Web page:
KINGSTON, ON – Enbridge’s plan to ship tar sands oil through Kingston and area poses a new threat to rivers, lakes and livelihoods along Lake Ontario. Environmental Defence, Transition Kingston and the Society for Conservation Biology will discuss the risks at an event this coming Monday.
Enbridge has applied for permits to reverse the flow of its Line 9 pipeline running from Sarnia to Montreal.  The aging pipeline that once carried conventional oil may carry more dangerous tar sands oil. Last week Enbridge confirmed it will ask permission to change what goes through the pipeline to allow heavy crude, which can include tar sands oil.  Line 9 runs north of Kingston roughly along the 401, crossing the Cataraqui River and sensitive wetlands flowing into Lake Ontario.
 
“Line 9 is all risk and no reward for Kingston,” says Adam Scott of Environmental Defence. “Kingston’s drinking water and wetlands are being threatened, all for the sake of shipping oil to the United States.”
 
Tar sands oil (called diluted bitumen) is considered more dangerous than conventional oil because it’s more corrosive to pipelines and therefore, more likely to spill.  Solvents are added to get it to flow through pipelines, including two known carcinogens, benzene and toluene. When tar sands oil spills, it sinks while the volatile solvents evaporate, posing a greater health hazard to humans and the environment than a conventional oil spill and making it harder to clean up. 
 
In 2010, a similar Enbridge tar sands pipeline ruptured into the Kalamazoo River in Michigan, spilling 3 million litres of diluted bitumen. It was the largest and most expensive inland oil spill in U.S. history. Cleanup has so far cost nearly $1 billion and is not yet complete.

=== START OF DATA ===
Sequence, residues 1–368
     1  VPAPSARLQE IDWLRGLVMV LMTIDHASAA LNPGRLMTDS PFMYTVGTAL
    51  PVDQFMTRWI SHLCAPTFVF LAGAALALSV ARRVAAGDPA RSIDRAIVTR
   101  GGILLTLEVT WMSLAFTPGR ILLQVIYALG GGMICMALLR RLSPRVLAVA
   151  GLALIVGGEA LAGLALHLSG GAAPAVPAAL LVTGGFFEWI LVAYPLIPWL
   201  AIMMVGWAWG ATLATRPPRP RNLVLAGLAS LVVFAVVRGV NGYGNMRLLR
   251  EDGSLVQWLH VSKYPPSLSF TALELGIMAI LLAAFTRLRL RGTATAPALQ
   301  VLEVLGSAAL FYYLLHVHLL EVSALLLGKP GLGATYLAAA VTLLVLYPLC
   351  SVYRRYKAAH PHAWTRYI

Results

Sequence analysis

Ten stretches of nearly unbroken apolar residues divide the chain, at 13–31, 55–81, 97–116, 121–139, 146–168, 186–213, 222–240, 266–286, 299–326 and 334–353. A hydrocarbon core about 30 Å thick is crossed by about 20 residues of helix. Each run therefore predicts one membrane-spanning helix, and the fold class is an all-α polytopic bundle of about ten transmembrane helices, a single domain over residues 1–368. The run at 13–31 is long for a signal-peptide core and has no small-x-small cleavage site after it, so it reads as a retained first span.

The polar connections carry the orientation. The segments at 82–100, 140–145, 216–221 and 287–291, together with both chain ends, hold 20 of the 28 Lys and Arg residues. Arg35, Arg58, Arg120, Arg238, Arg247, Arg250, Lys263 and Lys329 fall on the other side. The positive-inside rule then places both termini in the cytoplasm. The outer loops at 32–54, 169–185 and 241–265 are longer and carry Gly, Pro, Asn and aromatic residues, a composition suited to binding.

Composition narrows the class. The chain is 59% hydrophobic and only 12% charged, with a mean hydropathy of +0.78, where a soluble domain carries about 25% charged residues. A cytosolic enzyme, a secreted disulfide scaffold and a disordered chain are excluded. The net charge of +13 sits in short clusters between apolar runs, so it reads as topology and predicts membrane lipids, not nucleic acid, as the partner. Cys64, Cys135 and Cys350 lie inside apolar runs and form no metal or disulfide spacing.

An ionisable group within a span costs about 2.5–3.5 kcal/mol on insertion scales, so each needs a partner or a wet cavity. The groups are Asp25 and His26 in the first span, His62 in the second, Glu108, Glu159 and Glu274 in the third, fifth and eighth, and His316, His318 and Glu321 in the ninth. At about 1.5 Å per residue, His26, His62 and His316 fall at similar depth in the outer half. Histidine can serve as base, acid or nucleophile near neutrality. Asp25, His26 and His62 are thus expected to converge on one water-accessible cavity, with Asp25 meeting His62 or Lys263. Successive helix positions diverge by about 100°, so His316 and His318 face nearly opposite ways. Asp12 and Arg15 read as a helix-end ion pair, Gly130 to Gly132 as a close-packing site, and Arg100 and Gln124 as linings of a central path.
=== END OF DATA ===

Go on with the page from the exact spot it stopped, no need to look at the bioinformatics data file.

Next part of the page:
“We can prevent a similar devastating spill in our region by acting locally when the permits are up for approval.” says Jolene Simko of Transition Kingston. “We’re inviting the community to learn about these issues and protect our water and wetlands by speaking up.”
 
The event to be held at Queen’s University will educate community members about the risks of Line 9 for Kingston, and discuss new opportunities for water protection in Ontario.
 
Interview opportunities: Adam Scott of Environmental Defence will be available to speak about the risks of Line 9. Claire Malcolmson of Environmental Defence will be available to speak about the new Great Lakes Protection Act being developed in Ontario and how this could create new ways to protect the water of Ontarians.
 
When: Monday, November 5
Where: Dupuis Hall, Queen’s University
Time: 6:30 p.m. – 8:30 p.m.
For event details: http://environmentaldefence.ca/oil-and-water-kingston
Environmental Defence is Canada’s most effective environmental action organization. We challenge, and inspire change in government, business and people to ensure a greener, healthier and prosperous life for all. (www.environmentaldefence.ca)
 
Transition Kingston is part of the international Transition movement. We are a local-action oriented group dedicated to moving communities away from oil dependence and toward environmental sustainability. (transitionkingston.blogspot.ca)
 
The Society for Conservation Biology is a local group committed to promoting environmental and conservation endeavors in the Kingston area. The society is composed entirely of volunteers from the community who meet weekly to discuss relevant current events, host guest speakers, and community outreach programs. (post.queensu.ca/~scb/chapter.htm)
 
-30-
 
For more information or to arrange an interview, please contact:
Naomi Carniol, Environmental Defence, 416-323-9521 ext. 258; 416-570-2878 (cell) ncarniol@environmentaldefence.ca